Fisseha Berhane, PhD

Data Scientist

443-970-2353 fisseha@jhu.edu CV Resume Linkedin GitHub twitter twitter

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Principal Component Analysis Lab

This lab delves into exploratory analysis of neuroscience data, specifically using principal component analysis (PCA) and feature-based aggregation. We will use a dataset of light-sheet imaging recorded by the Ahrens Lab at Janelia Research Campus, and hosted on the CodeNeuro data repository.

Our dataset is generated by studying the movement of a larval zebrafish, an animal that is especially useful in neuroscience because it is transparent, making it possible to record activity over its entire brain using a technique called light-sheet microscopy. Specifically, we'll work with time-varying images containing patterns of the zebrafish's neural activity as it is presented with a moving visual pattern. Different stimuli induce different patterns across the brain, and we can use exploratory analyses to identify these patterns. Read "Mapping brain activity at scale with cluster computing" for more information about these kinds of analyses.

During this lab you will learn about PCA, and then compare and contrast different exploratory analyses of the same data set to identify which neural patterns they best highlight.

This lab will cover:

  • Part 1: Work through the steps of PCA on a sample dataset
    • Visualization 1: Two-dimensional Gaussians
  • Part 2: Write a PCA function and evaluate PCA on sample datasets
    • Visualization 2: PCA projection
    • Visualization 3: Three-dimensional data
    • Visualization 4: 2D representation of 3D data
  • Part 3: Parse, inspect, and preprocess neuroscience data then perform PCA
    • Visualization 5: Pixel intensity
    • Visualization 6: Normalized data
    • Visualization 7: Top two components as images
    • Visualization 8: Top two components as one image
  • Part 4: Perform feature-based aggregation followed by PCA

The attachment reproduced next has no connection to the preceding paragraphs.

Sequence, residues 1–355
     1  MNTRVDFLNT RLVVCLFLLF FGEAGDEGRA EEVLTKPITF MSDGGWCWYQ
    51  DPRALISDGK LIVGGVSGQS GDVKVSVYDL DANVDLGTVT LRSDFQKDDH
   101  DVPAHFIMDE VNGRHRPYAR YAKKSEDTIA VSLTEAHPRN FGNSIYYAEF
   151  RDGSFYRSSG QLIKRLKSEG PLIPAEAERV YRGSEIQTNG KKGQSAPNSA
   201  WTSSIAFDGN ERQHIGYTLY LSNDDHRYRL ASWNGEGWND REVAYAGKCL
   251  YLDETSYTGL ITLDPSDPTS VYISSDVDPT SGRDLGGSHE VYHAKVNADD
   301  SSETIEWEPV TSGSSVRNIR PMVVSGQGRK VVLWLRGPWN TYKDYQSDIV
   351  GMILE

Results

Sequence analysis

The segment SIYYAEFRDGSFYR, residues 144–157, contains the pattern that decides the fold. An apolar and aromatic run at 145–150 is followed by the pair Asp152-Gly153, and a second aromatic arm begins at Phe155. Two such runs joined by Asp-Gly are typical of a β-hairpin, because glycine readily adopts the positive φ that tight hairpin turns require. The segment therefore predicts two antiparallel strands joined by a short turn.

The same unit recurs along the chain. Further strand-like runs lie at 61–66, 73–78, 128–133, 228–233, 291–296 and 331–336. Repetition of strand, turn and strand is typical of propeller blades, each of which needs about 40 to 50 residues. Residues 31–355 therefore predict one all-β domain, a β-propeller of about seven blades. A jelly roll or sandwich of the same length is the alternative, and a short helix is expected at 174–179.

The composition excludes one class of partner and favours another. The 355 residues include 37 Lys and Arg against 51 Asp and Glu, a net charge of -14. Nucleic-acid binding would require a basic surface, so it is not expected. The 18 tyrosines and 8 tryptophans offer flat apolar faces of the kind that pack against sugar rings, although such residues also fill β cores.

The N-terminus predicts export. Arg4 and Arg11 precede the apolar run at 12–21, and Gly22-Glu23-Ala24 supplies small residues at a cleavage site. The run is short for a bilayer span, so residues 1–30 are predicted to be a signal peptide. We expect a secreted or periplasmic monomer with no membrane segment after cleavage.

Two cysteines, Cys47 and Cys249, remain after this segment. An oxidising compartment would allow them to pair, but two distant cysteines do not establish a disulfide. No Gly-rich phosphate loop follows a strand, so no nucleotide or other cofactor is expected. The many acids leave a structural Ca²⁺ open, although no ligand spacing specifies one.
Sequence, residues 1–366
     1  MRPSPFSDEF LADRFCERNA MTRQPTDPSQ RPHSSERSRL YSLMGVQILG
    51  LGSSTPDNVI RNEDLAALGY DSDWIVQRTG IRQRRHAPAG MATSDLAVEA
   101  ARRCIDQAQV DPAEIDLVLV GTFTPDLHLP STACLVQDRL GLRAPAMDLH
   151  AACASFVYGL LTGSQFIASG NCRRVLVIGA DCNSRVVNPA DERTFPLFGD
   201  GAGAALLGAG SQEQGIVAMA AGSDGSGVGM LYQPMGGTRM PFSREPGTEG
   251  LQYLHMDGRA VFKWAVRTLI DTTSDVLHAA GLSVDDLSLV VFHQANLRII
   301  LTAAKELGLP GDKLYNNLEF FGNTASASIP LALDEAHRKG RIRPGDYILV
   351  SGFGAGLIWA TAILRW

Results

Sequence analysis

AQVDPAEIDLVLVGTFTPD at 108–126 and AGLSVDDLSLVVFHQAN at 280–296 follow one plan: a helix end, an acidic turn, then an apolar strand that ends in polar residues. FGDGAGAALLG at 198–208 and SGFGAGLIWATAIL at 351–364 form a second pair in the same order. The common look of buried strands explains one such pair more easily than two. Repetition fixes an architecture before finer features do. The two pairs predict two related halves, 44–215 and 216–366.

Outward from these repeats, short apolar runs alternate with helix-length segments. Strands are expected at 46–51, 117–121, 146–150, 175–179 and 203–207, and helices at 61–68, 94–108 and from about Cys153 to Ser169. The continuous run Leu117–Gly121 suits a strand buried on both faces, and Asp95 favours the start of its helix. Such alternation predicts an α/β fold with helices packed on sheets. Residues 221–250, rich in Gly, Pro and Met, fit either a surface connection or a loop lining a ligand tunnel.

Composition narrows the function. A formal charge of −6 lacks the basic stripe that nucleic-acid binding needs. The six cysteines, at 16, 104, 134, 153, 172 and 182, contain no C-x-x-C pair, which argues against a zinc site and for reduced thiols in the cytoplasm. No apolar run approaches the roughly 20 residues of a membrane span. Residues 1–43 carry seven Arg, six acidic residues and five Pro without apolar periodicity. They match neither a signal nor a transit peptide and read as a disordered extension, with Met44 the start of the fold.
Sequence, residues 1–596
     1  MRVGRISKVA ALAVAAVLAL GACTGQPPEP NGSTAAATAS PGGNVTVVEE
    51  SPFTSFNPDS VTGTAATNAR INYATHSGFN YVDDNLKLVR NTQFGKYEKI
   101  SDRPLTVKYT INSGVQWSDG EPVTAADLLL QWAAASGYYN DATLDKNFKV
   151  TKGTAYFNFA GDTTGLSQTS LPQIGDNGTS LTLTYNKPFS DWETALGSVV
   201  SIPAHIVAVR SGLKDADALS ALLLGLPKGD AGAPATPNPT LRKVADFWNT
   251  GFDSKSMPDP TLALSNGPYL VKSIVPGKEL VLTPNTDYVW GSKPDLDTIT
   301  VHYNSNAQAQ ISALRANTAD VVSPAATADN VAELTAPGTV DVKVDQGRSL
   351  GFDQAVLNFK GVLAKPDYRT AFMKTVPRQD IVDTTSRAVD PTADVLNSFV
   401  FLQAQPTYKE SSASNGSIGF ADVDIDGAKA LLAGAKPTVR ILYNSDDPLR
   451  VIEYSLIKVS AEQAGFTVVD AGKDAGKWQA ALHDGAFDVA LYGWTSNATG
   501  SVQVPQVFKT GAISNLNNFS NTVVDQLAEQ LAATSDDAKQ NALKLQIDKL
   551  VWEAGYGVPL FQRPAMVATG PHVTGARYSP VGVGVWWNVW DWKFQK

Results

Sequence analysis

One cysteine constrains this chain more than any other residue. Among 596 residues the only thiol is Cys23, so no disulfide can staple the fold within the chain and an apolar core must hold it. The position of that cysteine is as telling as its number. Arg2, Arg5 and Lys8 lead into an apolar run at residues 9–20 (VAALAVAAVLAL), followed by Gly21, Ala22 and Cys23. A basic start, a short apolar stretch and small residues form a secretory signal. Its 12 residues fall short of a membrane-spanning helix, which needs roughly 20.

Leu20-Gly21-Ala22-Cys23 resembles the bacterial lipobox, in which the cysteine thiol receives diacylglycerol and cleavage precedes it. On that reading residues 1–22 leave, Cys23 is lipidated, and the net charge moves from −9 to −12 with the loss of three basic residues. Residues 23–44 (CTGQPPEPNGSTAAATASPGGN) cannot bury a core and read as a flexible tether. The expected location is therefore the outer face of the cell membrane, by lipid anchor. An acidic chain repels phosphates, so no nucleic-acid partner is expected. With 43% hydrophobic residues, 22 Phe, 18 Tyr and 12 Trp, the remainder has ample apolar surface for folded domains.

• Visualization 9: Top two components by time
    • Visualization 10: Top two components by direction

Note that, for reference, you can look up the details of the relevant Spark methods in Spark's Python API and the relevant NumPy methods in the NumPy Reference

In [68]:
labVersion = 'cs190_week5_v_1_2'

Part 1: Work through the steps of PCA on a sample dataset

Visualization 1: Two-dimensional Gaussians

Principal Component Analysis, or PCA, is a strategy for dimensionality reduction. To better understand PCA, we'll work with synthetic data generated by sampling from the two-dimensional Gaussian distribution. This distribution takes as input the mean and variance of each dimension, as well as the covariance between the two dimensions.

In our visualizations below, we will specify the mean of each dimension to be 50 and the variance along each dimension to be 1. We will explore two different values for the covariance: 0 and 0.9. When the covariance is zero, the two dimensions are uncorrelated, and hence the data looks spherical. In contrast, when the covariance is 0.9, the two dimensions are strongly (positively) correlated and thus the data is non-spherical. As we'll see in Parts 1 and 2, the non-spherical data is amenable to dimensionality reduction via PCA, while the spherical data is not.

In [69]:
import matplotlib.pyplot as plt
import numpy as np